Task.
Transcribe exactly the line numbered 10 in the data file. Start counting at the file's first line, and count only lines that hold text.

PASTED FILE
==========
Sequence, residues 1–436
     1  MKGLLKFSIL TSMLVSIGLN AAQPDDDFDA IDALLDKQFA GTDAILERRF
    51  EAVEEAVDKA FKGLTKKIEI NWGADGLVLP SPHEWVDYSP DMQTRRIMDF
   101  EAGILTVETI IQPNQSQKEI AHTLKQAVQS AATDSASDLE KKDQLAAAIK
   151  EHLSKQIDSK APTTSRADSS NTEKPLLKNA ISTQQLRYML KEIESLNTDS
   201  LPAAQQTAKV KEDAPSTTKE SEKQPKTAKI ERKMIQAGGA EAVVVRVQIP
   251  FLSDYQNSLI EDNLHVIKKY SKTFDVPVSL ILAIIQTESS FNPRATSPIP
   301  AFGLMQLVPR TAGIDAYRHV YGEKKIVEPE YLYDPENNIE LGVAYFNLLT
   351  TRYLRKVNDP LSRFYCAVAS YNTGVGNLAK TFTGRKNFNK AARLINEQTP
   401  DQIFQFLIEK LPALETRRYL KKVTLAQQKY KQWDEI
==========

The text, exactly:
   401  DQIFQFLIEK LPALETRRYL KKVTLAQQKY KQWDEI